The comminuted proximal fibula fracture was associated with a partial peroneal nerve palsy, which was managed expectantly with a brace during recovery.

    Soft tissue coverage was completed the following day with a vascularized latissimus transfer performed by a plastic surgeon (Figure 4). The time between definitive fixation and definitive soft tissue coverage should be minimized as much as possible. Serial debridement of the fracture and soft tissue should continue until the patient and the soft tissue bed are amenable to soft tissue coverage. Definitive fixation and soft tissue coverage are typically done within 48 hours.

    Figure 4. Soft tissue coverage was completed with a vascularized latissimus transfer.

    6 Months Later: Delayed Union

    This patient’s free tissue flap and skin graft sites healed without incident. She was initially kept non-weight-bearing for 3 months after surgery and then transitioned to partial weight-bearing. Six months after the index procedure, radiographs (Figure 5) and a CT scan demonstrated lack of any progression toward bony union, suggesting a delayed union.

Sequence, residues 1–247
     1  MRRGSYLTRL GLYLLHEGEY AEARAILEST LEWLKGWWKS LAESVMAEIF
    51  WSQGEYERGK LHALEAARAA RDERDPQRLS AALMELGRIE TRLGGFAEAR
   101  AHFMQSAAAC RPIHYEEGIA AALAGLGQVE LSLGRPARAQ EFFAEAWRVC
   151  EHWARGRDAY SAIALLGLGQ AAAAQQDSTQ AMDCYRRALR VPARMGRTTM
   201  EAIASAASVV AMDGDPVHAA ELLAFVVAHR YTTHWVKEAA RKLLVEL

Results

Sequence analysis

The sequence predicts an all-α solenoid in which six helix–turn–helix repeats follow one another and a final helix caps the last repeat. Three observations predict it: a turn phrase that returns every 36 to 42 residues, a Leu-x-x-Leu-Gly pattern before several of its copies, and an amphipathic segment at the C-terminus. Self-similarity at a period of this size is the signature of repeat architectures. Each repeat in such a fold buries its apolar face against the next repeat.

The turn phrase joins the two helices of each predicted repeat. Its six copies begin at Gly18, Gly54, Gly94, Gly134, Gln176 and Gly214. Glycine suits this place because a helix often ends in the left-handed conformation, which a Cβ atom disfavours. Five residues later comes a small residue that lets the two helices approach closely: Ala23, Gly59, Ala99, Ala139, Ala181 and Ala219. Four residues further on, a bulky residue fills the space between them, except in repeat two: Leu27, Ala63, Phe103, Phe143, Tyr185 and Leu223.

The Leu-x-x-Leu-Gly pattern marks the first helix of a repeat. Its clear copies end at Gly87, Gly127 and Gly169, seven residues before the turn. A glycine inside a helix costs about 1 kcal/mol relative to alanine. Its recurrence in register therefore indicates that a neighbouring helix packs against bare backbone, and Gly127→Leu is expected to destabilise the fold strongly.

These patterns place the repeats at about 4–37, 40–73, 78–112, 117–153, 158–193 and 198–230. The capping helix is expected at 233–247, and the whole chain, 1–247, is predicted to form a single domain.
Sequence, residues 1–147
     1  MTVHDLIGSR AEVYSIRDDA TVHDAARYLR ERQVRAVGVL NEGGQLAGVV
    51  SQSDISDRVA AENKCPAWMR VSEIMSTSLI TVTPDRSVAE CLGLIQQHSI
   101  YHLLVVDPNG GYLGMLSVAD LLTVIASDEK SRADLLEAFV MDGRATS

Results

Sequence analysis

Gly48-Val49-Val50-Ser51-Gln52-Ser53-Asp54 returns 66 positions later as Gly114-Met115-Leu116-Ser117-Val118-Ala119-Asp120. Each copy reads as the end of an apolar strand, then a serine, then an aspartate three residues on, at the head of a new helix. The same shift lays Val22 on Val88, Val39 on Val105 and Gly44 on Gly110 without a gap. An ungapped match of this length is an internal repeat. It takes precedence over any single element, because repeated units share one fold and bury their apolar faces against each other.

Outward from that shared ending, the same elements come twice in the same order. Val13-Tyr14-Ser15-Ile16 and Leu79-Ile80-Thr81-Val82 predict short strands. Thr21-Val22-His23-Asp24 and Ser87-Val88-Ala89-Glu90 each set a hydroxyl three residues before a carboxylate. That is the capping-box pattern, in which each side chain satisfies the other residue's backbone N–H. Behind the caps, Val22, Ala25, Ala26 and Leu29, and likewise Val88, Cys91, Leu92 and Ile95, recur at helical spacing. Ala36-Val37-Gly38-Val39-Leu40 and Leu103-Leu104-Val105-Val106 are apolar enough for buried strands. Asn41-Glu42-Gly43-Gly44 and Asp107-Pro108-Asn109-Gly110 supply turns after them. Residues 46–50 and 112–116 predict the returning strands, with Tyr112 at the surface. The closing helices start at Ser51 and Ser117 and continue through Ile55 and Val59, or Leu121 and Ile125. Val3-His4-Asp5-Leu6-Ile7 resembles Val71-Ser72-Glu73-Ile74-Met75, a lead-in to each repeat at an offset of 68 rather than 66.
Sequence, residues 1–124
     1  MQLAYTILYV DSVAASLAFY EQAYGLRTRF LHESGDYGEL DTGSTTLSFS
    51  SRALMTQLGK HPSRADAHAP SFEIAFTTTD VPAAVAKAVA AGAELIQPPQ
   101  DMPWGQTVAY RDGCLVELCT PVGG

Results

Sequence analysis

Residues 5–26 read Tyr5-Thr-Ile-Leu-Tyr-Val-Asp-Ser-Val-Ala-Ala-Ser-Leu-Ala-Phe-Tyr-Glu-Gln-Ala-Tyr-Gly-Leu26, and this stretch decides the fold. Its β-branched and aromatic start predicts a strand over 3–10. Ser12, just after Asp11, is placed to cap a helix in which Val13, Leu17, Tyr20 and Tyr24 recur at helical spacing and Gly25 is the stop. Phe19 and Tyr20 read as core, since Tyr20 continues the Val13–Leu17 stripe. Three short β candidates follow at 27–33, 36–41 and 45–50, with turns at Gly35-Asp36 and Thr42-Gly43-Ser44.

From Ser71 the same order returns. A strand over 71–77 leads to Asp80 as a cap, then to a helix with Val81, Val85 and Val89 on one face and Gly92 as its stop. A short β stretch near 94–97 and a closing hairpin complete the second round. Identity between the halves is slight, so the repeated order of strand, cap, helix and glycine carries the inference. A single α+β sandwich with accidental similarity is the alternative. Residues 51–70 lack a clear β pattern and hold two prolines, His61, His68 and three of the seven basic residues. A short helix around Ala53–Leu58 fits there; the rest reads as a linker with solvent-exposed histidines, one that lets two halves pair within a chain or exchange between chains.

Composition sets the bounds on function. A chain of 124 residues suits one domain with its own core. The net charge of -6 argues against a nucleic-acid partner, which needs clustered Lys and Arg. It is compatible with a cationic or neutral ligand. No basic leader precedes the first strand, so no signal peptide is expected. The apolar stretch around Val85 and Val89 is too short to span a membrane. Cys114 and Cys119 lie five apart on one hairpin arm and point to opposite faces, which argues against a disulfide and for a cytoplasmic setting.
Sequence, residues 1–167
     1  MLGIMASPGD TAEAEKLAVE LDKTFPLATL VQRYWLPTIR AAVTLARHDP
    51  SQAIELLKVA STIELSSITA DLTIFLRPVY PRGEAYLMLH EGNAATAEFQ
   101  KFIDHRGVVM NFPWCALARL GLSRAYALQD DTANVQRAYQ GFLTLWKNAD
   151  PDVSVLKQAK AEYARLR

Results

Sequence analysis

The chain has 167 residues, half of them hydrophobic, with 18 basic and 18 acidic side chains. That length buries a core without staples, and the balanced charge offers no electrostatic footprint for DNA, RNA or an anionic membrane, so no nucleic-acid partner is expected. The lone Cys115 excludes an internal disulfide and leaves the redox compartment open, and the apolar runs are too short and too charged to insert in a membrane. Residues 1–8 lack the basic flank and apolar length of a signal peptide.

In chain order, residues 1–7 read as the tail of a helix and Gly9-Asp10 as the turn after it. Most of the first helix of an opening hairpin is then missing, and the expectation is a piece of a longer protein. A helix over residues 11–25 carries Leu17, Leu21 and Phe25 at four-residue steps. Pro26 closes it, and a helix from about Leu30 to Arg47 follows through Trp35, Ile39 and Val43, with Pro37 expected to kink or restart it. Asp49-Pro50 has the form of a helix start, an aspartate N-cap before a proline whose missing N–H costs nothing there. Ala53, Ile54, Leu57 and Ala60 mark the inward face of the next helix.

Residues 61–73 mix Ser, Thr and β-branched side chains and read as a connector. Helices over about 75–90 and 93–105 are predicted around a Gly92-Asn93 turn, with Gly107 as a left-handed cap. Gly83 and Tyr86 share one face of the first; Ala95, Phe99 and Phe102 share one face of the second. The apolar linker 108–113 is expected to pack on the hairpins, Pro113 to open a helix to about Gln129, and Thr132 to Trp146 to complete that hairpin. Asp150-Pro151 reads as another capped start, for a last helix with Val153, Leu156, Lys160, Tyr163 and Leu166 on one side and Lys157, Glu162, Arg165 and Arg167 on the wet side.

Figure 5. As the radiographs show, the fracture had made no progress toward bony union.

    Options at this point include the following:

    Continued observation. Given the degree of soft tissue stripping that occurred at the time of injury, however, it was unlikely that the patient would go on to develop sufficient healing callus to unite this fracture prior to catastrophic implant failure.

    Revision internal fixation with bone graft. This option has the advantage of removing the previous implants and allowing for biologic augmentation while restarting the clock on potential mechanical failure of the implants. However, this option would also be a much larger surgery and the implants showed no signs of significant loosening.